Rainbow pyrite is a special type of pyrite known for its dazzling display of iridescent colors. This iridescence doesn’t come from the pyrite itself but from a layer of minerals on its surface. 

The colors of rainbow pyrite can shine in hues of gold, green, pink, and blue, depending on how light interacts with the thin layers on its surface.

When light hits these layers, it bends and separates into various colors, much like a rainbow. 

It’s crucial to know that not all rainbow pyrite is natural; some are artificially treated to mimic this colorful appearance. The natural version is prized for its unique, iridescent qualities that occur without any human intervention.

Where you can find rainbow pyrite

Rainbow pyrite is most famously found in Russia, particularly in the Volga River region where it forms in clay deposits. 

Navajún Pyrite

cubic Navajún pyrite crystal on a rock
Navajún pyrite provided by Spirifer Minerals

Navajún pyrite is known for its large, perfectly cubic crystals, which stand out due to their clear edges and smooth faces. These crystals are a natural marvel, showcasing what pyrite looks like when formed under ideal conditions. 

The process leading to the formation of Navajún pyrite involves a perfect mixture of minerals, along with low-grade hydrothermal metamorphism.

This unique geological setup allows iron and sulfur to crystallize into pyrite, forming the impressive cubes seen today. 

These pyrite cubes can grow quite large, some reaching more than 15 centimeters on each side. Their size and the precision of their cubic shape make them fascinating to those interested in the natural world. 

Where you can find Navajún pyrite

Navajún pyrite is named after the area it is found in, which is Navajún, located in the La Rioja region of Spain.

Octahedral Pyrite

golden octahedral pyrite crystal
Octahedral pyrite provided by Weinrich Minerals

Octahedral pyrite grows quickly due to the lower concentration of ions, which leads to its distinctive eight-sided shape.

Each side of octahedral pyrite looks like a triangle, creating a structure that resembles two pyramids placed base-to-base.

It’s important to know the difference between octahedral pyrite and pyritohedral pyrite. While octahedral pyrite has eight sides, pyritohedral pyrite has twelve sides with pentagonal faces, forming a completely different shape.

Where you can find octahedral pyrite

Octahedral pyrite is rarer than its cubic counterpart, with occasional finds reported in the western states such as Colorado, Utah, and Nevada.

Around the world, the chances of finding octahedral pyrite increase, especially in the Andes Mountains of Peru and Bolivia. Countries like Spain, France, and Germany, have more frequent occurrences of octahedral pyrite.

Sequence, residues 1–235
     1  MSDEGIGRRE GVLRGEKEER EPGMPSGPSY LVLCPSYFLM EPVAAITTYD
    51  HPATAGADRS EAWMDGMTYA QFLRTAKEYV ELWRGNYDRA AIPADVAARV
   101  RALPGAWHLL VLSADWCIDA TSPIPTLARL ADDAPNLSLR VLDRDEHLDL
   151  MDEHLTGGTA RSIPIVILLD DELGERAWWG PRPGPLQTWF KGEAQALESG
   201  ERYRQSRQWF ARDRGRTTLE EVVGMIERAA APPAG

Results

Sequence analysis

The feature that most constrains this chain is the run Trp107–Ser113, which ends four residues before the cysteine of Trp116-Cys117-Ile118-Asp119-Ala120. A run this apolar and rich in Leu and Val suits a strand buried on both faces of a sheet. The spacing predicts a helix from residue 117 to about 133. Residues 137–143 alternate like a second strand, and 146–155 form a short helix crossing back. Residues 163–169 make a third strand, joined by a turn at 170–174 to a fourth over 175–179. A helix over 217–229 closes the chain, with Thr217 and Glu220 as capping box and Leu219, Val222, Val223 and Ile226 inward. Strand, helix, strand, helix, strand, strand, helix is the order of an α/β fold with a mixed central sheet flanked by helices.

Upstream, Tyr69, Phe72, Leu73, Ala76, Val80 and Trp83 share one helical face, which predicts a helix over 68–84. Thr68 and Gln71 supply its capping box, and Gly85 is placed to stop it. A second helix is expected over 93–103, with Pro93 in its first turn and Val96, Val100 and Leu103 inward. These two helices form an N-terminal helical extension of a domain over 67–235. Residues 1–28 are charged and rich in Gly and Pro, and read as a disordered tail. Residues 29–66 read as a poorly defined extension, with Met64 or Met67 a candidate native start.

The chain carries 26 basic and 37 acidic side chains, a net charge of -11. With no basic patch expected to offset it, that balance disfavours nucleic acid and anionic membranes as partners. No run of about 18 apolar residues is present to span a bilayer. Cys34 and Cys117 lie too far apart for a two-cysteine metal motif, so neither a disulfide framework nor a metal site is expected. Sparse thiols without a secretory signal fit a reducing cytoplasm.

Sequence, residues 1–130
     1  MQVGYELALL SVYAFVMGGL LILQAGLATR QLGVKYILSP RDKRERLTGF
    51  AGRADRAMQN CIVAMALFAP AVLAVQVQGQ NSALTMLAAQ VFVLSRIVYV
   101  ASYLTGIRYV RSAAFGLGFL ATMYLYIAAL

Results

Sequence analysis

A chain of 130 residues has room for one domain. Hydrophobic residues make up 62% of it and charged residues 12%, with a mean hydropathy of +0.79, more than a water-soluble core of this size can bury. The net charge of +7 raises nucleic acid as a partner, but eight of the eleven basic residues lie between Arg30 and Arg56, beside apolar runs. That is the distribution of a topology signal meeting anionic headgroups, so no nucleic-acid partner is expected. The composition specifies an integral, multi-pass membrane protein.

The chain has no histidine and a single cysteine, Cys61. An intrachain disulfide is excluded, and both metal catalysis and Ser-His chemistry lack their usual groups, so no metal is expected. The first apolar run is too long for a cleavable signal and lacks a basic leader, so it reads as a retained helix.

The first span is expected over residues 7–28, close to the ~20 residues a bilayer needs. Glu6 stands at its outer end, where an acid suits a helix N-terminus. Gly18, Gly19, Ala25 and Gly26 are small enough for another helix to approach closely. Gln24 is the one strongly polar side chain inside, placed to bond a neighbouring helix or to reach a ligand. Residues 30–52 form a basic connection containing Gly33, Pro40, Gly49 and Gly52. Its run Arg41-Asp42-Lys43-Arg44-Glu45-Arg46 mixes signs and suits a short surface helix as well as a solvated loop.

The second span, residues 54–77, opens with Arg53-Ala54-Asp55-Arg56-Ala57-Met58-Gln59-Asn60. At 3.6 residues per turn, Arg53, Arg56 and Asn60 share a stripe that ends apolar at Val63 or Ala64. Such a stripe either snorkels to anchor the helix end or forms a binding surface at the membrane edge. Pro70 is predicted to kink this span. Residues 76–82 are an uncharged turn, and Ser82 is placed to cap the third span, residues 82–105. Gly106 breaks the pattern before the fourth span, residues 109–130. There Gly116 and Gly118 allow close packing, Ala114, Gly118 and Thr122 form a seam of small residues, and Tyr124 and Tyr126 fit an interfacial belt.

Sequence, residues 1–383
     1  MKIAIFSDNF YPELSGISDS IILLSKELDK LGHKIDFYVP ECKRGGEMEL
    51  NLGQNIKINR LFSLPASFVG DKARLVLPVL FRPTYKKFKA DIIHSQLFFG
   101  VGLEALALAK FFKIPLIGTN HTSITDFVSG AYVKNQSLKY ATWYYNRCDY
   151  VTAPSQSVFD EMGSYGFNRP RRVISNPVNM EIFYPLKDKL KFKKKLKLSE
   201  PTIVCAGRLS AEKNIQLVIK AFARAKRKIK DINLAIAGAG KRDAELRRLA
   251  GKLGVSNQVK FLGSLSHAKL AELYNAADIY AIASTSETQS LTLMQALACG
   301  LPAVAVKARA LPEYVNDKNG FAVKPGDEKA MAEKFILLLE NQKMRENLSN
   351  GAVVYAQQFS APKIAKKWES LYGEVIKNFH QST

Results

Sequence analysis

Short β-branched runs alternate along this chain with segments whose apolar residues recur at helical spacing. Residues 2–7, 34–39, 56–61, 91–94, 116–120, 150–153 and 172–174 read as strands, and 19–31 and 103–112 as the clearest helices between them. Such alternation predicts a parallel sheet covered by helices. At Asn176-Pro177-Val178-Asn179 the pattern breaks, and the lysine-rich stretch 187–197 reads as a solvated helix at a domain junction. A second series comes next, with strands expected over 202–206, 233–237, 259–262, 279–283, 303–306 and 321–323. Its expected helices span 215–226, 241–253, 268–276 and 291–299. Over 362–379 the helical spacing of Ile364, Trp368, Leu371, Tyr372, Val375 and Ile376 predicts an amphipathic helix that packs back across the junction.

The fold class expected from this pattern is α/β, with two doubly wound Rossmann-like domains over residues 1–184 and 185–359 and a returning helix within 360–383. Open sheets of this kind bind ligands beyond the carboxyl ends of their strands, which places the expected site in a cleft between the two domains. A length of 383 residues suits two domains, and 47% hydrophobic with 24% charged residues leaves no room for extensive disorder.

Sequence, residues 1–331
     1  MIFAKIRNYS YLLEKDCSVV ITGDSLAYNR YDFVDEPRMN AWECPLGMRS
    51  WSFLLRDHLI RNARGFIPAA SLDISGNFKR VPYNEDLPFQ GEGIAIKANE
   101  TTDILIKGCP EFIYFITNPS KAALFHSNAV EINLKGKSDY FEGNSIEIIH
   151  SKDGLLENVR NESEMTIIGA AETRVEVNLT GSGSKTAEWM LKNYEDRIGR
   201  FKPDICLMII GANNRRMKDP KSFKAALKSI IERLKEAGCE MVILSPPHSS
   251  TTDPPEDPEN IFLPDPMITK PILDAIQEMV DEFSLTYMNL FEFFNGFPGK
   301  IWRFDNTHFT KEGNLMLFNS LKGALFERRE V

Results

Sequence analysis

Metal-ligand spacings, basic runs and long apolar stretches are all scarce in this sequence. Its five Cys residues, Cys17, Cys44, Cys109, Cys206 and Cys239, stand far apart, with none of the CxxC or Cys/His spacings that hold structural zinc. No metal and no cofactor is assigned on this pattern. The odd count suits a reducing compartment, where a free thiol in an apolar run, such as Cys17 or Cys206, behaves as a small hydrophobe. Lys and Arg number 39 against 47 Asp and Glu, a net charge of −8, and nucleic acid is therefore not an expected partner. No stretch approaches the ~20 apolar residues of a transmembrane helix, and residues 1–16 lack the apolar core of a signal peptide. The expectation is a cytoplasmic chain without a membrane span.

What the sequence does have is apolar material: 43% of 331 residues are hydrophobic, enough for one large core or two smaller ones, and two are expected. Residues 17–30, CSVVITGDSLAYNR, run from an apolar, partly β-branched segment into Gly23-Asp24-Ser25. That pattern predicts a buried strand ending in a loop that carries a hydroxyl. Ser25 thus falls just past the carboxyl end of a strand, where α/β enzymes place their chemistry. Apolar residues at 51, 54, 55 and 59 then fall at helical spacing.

For those interested in exploring further, you can check out our crystal mining guide for insights on where to find crystals and other unique mineral formations.

Striated Pyrite

striated pyrite crystal cluster
Striated pyrite provided by OnTheRocksNYC

Striated pyrite crystals have parallel grooves or lines on their surface. These striations are not unique to a specific form of pyrite but can appear on various pyrite types. 

The grooves or striations can develop through different processes, such as during the crystal’s growth. For example, as cubic pyrite forms, imperfections on its surface can lead to striations that run parallel to the edges of the cube.

When two pyrite crystals grow closely together in a twinned formation, the area where they meet might show striations. This happens because the crystal structures are slightly misaligned at the interface, creating these linear marks. 

Striations on pyrite can also result from external forces, such as grinding or polishing the crystal.

So, striations are actually a feature that can occur on any pyrite crystal, depending on how it was formed or treated.

Where you can find striated pyrite

Striated pyrite, characterized by its parallel grooves, can appear on specimens from any location where pyrite is found, including across the United States from the Appalachian Mountains to the Western states.

Pyrite Druzy

golden pyrite druzy on a rock
Pyrite druzy provided by MoonmelonSprite

Pyrite druzy, also known as drusy pyrite or pyrite druses, is a type of pyrite characterized by a specific growth habit.

The term “druzy” refers to tiny crystals that have formed close together on a surface, creating a sparkling effect.

This kind of pyrite forms through a process where hot, water-rich fluids dissolve minerals and then reprecipitate them.

As these fluids move through rocks, they allow new pyrite crystals to nucleate and grow on surfaces like the walls of cavities or on other minerals.

The appearance of pyrite druzy can vary widely because it depends on the shape of the surface it grows over. It might look flat, round, or even like tiny bunches of grapes, depending on its base.

Where you can find pyrite druzy

Pyrite druzy can be found in the Western United States. States like Arizona, Nevada, Utah, and Colorado offer various geological settings, such as veins, cavities, and areas around hot springs, where pyrite druzy can develop.

In addition to the United States, pyrite druzy is also found around the world, in places like the Andes Mountains, along with countries like Spain, Germany, and France.

About Dr. Keith Jackson - Geology PhD

Keith Jackson is an avid rockhound who is constantly exploring new sites to expand his collection. He has worked as a professional Geologist for over 20 years and holds a PhD in Geology from the University of Nebraska-Lincoln, a Masters Degree in Geology from the University of Nebraska-Lincoln, and a Bachelors Degree in Geology from the University of Connecticut.